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For Car Thieves, the West is Best


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The National Insurance Crime Bureau (NICB) reported today that for calendar year 2005, the West, and particularly California, is indeed heaven for the nation’s auto thieves. All of the nation’s top ten areas with the highest vehicle theft rates are in the West with six of them in California.

For 2005 the ten metropolitan statistical areas with the highest vehicle theft rates are:
 1. Modesto, CA
 2. Las Vegas/Paradise, NV
 3. Stockton, CA
 4. Phoenix/Mesa/Scottsdale, AZ
 5. Visalia/Porterville, CA
 6. Seattle/Tacoma/Bellevue, WA
 7. Sacramento/Arden-Arcade/Roseville, CA
 8. San Diego/Carlsbad/San Marcos, CA
 9. Fresno, CA
 10. Yakima, WA

According to Hot Spots, its annual report on auto theft rates, NICB reviewed data supplied by the National Crime Information Center (NCIC) for each of the nation’s 360 metropolitan statistical areas (MSAs). MSAs are designated by the Office of Management and Budget and may include areas surrounding a specific city. For example, the number one Hot Spot in the current report is Modesto, CA. The Modesto MSA, however, includes data not only from the city of Modesto, but the entire county of Stanislaus in which Modesto is located.

The rate is determined by the number of vehicle theft offenses per 100,000 inhabitants using the 2004 U.S. Census Population Estimates, the most current figures available.

Preliminary FBI data shows a 2.1% decrease in motor vehicle thefts during January-June, 2005 when compared with the same period in 2004. Nationally, this is the second straight year of decreases in vehicle theft and that is good news.

"The continued reduction in auto thefts is good news for our member companies and the general public," said NICB President and Chief Executive Officer Robert M. Bryant. "NICB has been instrumental in attacking this problem through expanded efforts with our member companies and law enforcement. For example, the bait car program is most effective and in those communities where bait cars are employed, there have been significant declines in the auto theft problem."

"Bait cars are just one of the many tools that the insurance industry provides — through NICB — to local law enforcement to help prevent and deter vehicle theft," Bryant said.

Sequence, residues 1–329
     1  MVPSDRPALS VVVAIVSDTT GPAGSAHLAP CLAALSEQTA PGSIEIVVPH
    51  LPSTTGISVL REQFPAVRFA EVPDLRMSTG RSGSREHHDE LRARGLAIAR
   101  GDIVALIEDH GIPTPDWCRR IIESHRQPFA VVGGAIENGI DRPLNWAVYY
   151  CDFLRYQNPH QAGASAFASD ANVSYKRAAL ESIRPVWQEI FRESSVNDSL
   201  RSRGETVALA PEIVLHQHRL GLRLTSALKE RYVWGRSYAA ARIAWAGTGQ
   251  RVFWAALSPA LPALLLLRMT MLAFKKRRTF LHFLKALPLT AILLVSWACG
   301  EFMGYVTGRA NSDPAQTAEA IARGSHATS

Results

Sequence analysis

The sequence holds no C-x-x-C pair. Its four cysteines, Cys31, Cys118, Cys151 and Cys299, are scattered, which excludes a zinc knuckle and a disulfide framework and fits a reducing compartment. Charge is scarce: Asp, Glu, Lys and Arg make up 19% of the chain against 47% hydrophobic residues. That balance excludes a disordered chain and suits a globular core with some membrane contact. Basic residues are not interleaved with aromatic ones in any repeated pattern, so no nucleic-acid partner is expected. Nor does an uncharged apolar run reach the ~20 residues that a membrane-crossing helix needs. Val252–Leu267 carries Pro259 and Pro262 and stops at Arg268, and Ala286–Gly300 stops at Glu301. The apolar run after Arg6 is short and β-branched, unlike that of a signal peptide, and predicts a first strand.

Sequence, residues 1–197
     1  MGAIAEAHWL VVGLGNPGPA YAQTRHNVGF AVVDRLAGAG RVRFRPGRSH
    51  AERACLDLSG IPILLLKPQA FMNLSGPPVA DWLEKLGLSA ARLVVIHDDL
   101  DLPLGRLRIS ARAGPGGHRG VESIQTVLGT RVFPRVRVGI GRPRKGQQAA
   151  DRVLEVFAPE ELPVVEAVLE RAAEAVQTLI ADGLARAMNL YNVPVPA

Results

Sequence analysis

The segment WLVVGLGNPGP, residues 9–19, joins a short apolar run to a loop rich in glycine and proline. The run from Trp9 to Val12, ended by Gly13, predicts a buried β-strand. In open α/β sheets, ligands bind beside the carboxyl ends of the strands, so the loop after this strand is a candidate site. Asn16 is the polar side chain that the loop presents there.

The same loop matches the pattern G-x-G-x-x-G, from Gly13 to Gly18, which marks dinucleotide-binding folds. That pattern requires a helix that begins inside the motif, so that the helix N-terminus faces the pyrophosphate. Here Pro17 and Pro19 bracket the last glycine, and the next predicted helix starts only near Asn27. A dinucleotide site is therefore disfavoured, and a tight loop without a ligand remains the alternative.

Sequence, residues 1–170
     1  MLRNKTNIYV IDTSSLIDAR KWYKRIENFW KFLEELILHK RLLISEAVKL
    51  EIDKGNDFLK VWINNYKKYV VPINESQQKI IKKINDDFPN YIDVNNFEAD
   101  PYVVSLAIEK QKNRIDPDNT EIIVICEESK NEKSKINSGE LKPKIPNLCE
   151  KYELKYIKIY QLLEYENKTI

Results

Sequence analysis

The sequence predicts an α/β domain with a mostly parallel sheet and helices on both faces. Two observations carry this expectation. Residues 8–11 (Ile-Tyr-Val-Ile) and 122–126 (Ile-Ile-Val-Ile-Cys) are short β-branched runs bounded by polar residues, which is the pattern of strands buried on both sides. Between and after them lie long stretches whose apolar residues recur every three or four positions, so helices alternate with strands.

NICB recommends the following actions under its "layered approach" to protection that automobile owners can take to minimize their risk and prevent their car from becoming the next statistic:

Common Sense — An unlocked vehicle with a key in the ignition is an open invitation to any thief, regardless of which anti-theft device you use. The common sense approach to protection is the simplest and most cost-effective way to thwart would-be thieves. Secure your vehicle even if parking for brief periods. You should always:

  • Remove your keys from the ignition
  • Lock your doors/close your windows
  • Park in a well-lit area

Warning Device — The second layer of protection is a visible or audible device which alerts thieves that your vehicle is protected. Popular second layer devices include:
  • Audible alarms
  • Steering column collars
  • Steering wheel/brake pedal lock
  • Wheel locks
  • Theft deterrent decals
  • Identification markers in or on vehicle
  • VIN etching

Immobilizing Device — The third layer of protection is a device which prevents thieves from bypassing your ignition and hot-wiring the vehicle. Some electronic devices have computer chips in ignition keys. Other devices inhibit the flow of electricity or fuel to the engine until a hidden switch or button is activated. Popular third layer devices include:
  • Smart keys
  • Kill switches
  • Starter, ignition, and fuel pump disablers

Tracking Device — The final layer of protection is a tracking device which emits a signal to police or a monitoring station when the vehicle is stolen. Tracking devices are very effective in helping authorities recover stolen vehicles.

The National Insurance Crime Bureau is the nation’s leading non-profit organization exclusively dedicated to preventing, detecting and defeating insurance fraud and vehicle theft through information analysis, investigations, training and public awareness.



1 comments:

is this article actually promoting car theft.

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